if [ $stage -eq 1 ]; then
  # We prepare the basic dictionary in data/local/dict_combined.
  local/ $swbd $nptel
   steps/dict/ --stage 0 --silence-phones \
     "data/local/dict_combined/silence_phones.txt" data/local/dict_combined/lexicon.txt exp/g2p || touch exp/g2p/.error
  ) &

Followed by which the next step was to create a unified structured dataset, or preparation of all datasets to a single format in which Kaldi work in. For this :

if [ $stage -eq 2 ]; then
  mkdir -p data/local
  # fisher
  local/ $fisher
  utils/ data/fisher/train
  # swbd
  local/ $swbd
  utils/ data/swbd/train
  # librispeech
  local/ $librispeech/LibriSpeech/train-clean-100 data/librispeech_100/train
  local/ $librispeech/LibriSpeech/train-clean-360 data/librispeech_360/train
  local/ $librispeech/LibriSpeech/train-other-500 data/librispeech_500/train
  local/ $librispeech/LibriSpeech/test-clean data/librispeech/test
  # nptel
  local/ $nptel

  local/ data/local/ami/annotations/
  local/ vault/ami/wav_db/


Followed by this, normalization of the transcripts and Out of Vocabulary word removal from the dictionary were performed. And then the Language Model is prepared. This is done using the SRILM toolkit that comes alongside Kaldi :

if [ $stage -eq 6 ]; then
  mkdir -p data/local/lm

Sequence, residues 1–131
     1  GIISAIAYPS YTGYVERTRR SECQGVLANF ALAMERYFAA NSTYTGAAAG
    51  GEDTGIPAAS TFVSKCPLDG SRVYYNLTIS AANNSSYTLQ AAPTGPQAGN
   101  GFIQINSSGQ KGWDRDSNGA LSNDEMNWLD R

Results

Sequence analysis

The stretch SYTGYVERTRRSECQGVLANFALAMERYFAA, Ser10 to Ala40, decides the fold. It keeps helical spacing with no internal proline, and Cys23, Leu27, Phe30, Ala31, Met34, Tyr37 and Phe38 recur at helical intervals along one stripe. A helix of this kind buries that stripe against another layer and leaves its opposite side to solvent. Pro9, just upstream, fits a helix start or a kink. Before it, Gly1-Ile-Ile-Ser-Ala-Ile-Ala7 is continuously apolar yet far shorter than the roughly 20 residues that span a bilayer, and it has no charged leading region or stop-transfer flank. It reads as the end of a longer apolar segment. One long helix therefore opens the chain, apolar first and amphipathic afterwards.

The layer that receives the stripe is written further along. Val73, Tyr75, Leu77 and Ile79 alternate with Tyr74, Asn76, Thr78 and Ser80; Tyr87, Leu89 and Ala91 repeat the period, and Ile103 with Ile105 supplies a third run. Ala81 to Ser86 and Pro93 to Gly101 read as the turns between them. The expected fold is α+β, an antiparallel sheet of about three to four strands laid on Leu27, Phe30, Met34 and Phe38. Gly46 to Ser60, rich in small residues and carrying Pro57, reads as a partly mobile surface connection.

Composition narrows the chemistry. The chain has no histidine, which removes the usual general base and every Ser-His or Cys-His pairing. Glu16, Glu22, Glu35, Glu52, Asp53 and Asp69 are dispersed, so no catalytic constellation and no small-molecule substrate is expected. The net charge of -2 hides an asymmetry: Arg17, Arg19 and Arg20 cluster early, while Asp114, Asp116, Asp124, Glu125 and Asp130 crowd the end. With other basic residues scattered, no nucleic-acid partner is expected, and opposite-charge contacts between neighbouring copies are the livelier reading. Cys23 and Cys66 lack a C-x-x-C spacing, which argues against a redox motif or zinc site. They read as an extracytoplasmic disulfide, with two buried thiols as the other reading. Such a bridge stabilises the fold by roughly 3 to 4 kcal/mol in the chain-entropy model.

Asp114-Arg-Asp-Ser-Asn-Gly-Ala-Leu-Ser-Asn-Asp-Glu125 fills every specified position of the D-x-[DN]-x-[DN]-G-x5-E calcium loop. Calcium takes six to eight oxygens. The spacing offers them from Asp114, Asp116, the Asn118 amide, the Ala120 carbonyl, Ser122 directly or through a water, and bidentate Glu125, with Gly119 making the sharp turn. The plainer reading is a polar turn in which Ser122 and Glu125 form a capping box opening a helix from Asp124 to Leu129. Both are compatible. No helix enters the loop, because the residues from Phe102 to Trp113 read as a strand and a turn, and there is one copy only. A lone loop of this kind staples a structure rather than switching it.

cat data/{fisher,swbd}/train/text > data/local/lm/text
  local/  # creates data/local/lm/3gram-mincount/lm_unpruned.gz
  utils/ --srilm-opts "$srilm_opts" \
    ${lang_root}_nosp data/local/lm/3gram-mincount/lm_unpruned.gz \
    ${dict_root}_nosp/lexicon.txt ${lang_root}_nosp_fsh_sw1_tg

Followed by which the feature extraction is performed on the entire datasets , the MFCC is generated in this stage :

if [ $stage -eq 7 ]; then
  corpora="ami_ihm fisher librispeech_100 librispeech_360 librispeech_500 swbd nptel"
  for c in $corpora; do
     steps/ --mfcc-config conf/mfcc.conf \
       --cmd "$train_cmd" --nj 80 \
       $data exp/make_mfcc/$c/train || touch $data/.error
     steps/ \
       $data exp/make_mfcc/$c/train || touch $data/.error
    ) &
  if [ -f $data/.error ]; then
     rm $data/.error || true
     echo "Fail to extract features." && exit 1;

Followed by which the same is generated for test dataset as well. Then monophone training is completed. A monophone model is an acoustic model that does not include any contextual information about the preceding or following phone. It is used as a building block for the triphone models, which do make use of contextual information. Since this is a large dataset, in order to speed up, only first 10k short utterances from Switchboard was used for monophone training:

if [ $stage -eq 11 ]; then
 local/ --multi $multi --stage 1 || exit 1;
 steps/ --boost-silence 1.25 --nj 80 --cmd "$train_cmd" \
   data/$multi/mono ${lang_root}_nosp exp/$multi/mono || exit 1;

While monophone models simply represent the acoustic parameters of a single phoneme, we know that phonemes will vary considerably depending on their particular context. The triphone models represent a phoneme variant in the context of two other (left and right) phonemes. Hence triphone training is completed next stage by stage.